Mad Max: A Retrospective

Ahead of next week’s release of Mad Max: Fury Road, we’re taking a retrospective look back over George Miller’s original trilogy of post-apocalyptic action films.

by Andrew Brooker (@Brooker411)


mad maxI’m scared, Fif. You know why? It’s that rat circus out there. I’m beginning to enjoy it.

Back in 1979, George Miller exploded onto the scene with low budget action film Mad Max. Having only previously made a short with his buddy, Mad Max producer Byron Kennedy, Miller brought a vision of the future to the screen rarely seen before. Wrapped in a real life fear with an unmistakable prediction for our future, Max’s world was one of chaos. A world shaped by the population’s relentless desire to keep their vehicles running on the increasingly rare petrol that we took for granted before the oil wells dried.

Casting a then unknown Mel Gibson, a man with only one theatrical film credit at the time (and honestly, do you remember the Australian “thriller” Summer City? Rated a spectacular 4/10 on IMDB? Me neither) with no money, a star no one had heard of and with nothing to lose, George Miller put his heart and soul into a film that, if it had gone badly, could have ended his film making career before it had even had a chance to splutter into life.

Now this was the late seventies. A time long before just the hint of a film idea had studios clambering to find room on their lots to film a trilogy, or more. A time before people would be walking out of the cinema already talking about a sequel and a time before franchises were churned out into multiplexes no matter how successful, or unsuccessful, they were. So when you see that Mad Max spawned a trilogy in a time where trilogy meant Star Wars and The Godfather, NOT the Alvin and the Chipmunks or the bloody Transformers, you know it was something special.

On what amounts to a shoestring budget, George Miller created a dystopian world to simultaneously amaze and depress us. And with Miller returning to the desert soon with Mad Max: Fury Road, now seems as good a time as any to revisit the trilogy that launched Gibson to superstardom and gave Miller a directorial career that spans more than 35 years. I wanted the franchise fresh in my mind ready for the fourth instalment, I wanted to return to the world I first visited as a kid and most importantly, I wanted to see if the trilogy still held up today as one of the greats and it isn’t, as so many things are nowadays, simply being held together with fond, rose-tinted nostalgia.


1] Mad Max (1979)

Budget: $350,000

Gross: $8,750,000

Rotten Tomatoes Score: 91%

Law and order is beginning to collapse as fuel, the worlds most replied upon resource, becomes it’s most precious. Set “a few years from now”, Mad Max is the story of Mel Gibson’s Max Rockatansky. Policeman, and top pursuit driver for Australia’s Highway Patrol, the MFP.

The thing that makes Mad Max stand out amongst a lot of other films, is that at less than 90 minutes, it wastes very little time on action scenes and set-pieces that it doesn’t need. Opting instead to spend the majority of its run time building the world and letting the audience become a part of it. After a spectacular 10 minute car chase, ok, not The French Connection or Ronin kind of spectacular, but it was pretty great, the film spends an hour with very little going on as it elects to instead flesh out its characters and tell the story that Miller wants– no, needs to tell.

You see, Mad Max‘s concept came from an international crisis just a few years earlier. For many and varied political reasons the Arab nations that control the vast majority of oil in the world declared an embargo against the U.S. and their allies in a show of strength against them. Knowing they couldn’t combat them in a traditional, military sense, these nations hit the Americans where it hurt the most. Their wallets. By cutting off the main supply of oil, the import cost for the U.S. went through the roof and made the price of a barrel of oil nigh on unbearable. Anyways…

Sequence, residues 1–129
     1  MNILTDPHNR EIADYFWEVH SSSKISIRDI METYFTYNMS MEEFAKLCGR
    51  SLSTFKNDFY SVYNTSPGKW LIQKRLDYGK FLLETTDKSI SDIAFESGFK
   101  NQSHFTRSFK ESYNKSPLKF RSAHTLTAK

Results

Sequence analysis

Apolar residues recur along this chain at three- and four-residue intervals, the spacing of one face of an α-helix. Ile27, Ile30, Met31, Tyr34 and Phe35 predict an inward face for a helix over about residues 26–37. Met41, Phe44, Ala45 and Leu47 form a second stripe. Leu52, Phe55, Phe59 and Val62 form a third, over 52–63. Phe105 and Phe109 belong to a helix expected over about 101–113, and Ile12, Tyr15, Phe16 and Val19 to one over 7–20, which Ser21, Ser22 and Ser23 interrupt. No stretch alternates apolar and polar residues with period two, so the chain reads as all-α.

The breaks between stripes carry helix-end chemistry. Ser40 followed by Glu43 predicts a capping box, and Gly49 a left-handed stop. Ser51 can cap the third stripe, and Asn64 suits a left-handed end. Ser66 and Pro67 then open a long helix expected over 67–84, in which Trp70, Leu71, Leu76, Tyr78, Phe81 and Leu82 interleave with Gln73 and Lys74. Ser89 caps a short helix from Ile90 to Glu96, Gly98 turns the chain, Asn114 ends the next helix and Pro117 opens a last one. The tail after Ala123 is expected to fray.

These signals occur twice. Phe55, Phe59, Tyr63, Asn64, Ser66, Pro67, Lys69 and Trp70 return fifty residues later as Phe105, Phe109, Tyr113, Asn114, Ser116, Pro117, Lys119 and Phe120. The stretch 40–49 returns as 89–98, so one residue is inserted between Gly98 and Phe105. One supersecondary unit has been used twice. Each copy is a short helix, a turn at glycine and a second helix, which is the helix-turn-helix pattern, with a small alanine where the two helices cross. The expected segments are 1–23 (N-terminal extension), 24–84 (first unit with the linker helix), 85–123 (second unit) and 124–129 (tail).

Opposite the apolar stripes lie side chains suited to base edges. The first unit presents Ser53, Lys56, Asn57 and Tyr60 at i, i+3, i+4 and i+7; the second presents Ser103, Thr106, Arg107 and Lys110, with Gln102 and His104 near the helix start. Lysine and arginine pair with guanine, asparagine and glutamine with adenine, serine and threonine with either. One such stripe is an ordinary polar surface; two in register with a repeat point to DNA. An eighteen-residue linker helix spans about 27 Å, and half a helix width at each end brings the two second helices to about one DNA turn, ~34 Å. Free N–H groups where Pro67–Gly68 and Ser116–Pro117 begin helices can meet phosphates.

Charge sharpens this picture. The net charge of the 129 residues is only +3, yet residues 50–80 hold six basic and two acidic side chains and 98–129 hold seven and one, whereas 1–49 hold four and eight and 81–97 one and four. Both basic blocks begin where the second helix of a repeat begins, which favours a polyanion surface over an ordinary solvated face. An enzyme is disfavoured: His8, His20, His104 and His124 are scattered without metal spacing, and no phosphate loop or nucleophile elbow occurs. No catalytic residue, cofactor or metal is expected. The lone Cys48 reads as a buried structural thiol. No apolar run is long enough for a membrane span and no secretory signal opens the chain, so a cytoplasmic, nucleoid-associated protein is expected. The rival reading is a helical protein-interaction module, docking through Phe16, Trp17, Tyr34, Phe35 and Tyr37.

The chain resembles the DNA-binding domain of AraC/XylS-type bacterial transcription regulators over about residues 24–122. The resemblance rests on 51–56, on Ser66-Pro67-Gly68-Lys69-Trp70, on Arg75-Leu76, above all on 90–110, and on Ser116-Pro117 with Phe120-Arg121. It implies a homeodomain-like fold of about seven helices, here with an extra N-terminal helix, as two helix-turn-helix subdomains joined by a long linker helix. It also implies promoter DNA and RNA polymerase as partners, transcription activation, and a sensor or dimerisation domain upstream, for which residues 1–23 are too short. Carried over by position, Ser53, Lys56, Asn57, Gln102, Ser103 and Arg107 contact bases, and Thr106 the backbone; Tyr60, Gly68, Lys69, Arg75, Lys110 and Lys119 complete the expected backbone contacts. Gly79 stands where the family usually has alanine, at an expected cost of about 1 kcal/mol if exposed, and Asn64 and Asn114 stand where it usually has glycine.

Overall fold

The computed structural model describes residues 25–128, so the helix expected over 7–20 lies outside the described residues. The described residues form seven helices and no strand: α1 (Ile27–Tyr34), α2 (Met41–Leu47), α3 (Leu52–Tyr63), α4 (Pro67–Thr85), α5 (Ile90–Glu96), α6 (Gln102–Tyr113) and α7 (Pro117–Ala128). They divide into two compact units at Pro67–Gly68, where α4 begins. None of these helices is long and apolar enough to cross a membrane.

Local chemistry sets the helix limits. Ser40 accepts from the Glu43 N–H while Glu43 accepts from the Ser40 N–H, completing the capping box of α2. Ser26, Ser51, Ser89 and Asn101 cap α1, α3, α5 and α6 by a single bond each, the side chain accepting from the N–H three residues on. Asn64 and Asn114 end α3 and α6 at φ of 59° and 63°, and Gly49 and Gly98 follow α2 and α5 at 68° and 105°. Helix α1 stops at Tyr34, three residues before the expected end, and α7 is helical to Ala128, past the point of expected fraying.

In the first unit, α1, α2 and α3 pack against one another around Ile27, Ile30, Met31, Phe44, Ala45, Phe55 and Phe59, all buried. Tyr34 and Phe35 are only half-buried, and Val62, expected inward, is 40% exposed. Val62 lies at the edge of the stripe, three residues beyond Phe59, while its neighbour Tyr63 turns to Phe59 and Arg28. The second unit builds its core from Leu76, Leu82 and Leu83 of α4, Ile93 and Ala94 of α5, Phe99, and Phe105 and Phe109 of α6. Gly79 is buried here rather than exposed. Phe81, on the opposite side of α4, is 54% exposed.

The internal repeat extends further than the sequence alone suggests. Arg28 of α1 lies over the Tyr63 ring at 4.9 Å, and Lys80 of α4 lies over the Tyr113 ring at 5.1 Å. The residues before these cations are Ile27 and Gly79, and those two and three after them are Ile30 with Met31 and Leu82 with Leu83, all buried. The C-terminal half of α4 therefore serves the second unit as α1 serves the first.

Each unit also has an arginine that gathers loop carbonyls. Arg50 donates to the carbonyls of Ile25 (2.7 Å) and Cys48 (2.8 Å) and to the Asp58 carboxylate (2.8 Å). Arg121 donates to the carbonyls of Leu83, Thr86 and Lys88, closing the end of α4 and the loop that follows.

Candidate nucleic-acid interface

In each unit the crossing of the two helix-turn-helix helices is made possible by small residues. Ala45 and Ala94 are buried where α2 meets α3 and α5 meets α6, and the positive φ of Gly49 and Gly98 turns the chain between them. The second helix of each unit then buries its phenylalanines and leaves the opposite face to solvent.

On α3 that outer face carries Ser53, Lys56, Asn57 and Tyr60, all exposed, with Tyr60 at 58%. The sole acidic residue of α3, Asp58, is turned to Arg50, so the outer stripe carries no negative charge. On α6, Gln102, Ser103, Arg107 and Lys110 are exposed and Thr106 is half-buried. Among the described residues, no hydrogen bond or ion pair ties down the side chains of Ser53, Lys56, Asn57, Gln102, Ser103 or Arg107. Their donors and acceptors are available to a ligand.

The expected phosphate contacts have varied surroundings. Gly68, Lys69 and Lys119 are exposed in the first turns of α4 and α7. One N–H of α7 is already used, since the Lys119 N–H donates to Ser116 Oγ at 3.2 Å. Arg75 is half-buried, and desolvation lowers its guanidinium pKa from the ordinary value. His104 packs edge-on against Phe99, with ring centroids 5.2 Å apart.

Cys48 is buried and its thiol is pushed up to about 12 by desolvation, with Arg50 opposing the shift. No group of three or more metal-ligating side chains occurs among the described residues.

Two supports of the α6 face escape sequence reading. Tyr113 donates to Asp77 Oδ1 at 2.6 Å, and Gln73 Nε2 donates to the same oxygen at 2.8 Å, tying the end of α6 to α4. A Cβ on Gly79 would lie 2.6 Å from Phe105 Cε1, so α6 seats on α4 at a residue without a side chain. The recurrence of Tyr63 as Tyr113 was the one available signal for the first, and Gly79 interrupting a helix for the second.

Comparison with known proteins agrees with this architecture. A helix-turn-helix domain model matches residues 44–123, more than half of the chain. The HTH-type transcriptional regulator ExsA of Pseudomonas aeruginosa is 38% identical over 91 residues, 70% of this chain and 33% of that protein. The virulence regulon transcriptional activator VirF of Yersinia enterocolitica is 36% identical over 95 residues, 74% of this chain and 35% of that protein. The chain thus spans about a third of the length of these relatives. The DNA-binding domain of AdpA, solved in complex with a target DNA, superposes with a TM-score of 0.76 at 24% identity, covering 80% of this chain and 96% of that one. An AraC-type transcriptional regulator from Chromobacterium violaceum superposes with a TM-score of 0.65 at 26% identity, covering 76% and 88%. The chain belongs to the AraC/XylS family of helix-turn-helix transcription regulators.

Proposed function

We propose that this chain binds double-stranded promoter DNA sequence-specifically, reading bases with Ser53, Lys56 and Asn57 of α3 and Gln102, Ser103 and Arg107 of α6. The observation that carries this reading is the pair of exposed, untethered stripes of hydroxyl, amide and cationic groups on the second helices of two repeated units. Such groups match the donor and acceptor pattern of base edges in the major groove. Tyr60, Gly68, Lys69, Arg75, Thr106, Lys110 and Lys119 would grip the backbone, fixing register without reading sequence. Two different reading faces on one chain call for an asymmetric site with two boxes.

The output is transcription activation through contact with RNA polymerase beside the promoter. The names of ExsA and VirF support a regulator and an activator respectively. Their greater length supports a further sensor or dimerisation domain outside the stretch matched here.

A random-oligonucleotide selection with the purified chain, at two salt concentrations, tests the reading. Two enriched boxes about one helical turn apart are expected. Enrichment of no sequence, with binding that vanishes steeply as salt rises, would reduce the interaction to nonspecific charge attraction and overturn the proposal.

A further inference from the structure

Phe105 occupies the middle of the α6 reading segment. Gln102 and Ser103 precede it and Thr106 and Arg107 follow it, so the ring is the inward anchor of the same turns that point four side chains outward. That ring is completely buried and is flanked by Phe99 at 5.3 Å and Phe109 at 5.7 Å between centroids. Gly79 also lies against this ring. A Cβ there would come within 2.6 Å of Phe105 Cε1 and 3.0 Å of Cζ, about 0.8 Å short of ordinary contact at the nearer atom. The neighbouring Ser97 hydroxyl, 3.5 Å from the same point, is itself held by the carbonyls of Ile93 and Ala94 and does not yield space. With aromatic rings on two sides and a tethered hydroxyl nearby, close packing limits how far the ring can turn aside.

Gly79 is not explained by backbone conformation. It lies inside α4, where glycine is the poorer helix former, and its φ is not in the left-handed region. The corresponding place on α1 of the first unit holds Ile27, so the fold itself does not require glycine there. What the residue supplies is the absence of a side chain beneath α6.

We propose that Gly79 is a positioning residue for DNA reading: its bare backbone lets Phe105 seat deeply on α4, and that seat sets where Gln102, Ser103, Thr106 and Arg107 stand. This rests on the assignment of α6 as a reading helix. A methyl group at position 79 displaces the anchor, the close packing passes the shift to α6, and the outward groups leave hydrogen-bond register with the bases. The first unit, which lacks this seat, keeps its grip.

This was the basis for Mad Max; a world where fuel is a rarity and people will do anything to get heir hands on more. A world that grows ever more dark and violent as gangs carve their way through the country and terrify the general population. The gangs and the Main Force Patrol clash on the roads, bringing mayhem and destruction with them and only offering a passing glance to the safety of the people anywhere near these vehicular skirmishes.

Maxs madness comes when his friends and his family are caught in the crossfire of this long running war. Maniacal gang leader “Toecutter” (played by the terrifyingly brilliant Hugh Keays-Byrne) and his band of ultra-violent misfits gradually feel the wrath of a man who tried very hard to do the right thing by his family, his friends and the law and instead becomes the thing he feared the most. One of them. In an effort to be the good guy, Max had to become the thing he has spent his life trying to protect others from and to make sure that no one else has to go through what he has, he must do the despicable and wipe these animals off the face of the earth.

Max spends the last 20 minutes or so systematically pulling apart Toecutter’s gang in some fun and imaginative ways. Taking all of his rage out on the bikers that ruined his life, making sure they can’t do it to anyone else, Rockatansky becomes wrath incarnate as the final, maybe the film’s most famous, scene comes to an end and the credits roll we all take a breath and know we’ve just watched something special.

Made on a modest $350,000, Mad Max made millions of dollars back and not only rocketed its star and its director straight into the limelight, but made a sequel an all-but-guaranteed thing.


2] Mad Max 2: The Road Warrior (1981)

Budget: $4,000,000

Gross: $23,667,907

Rotten Tomatoes Score: 100%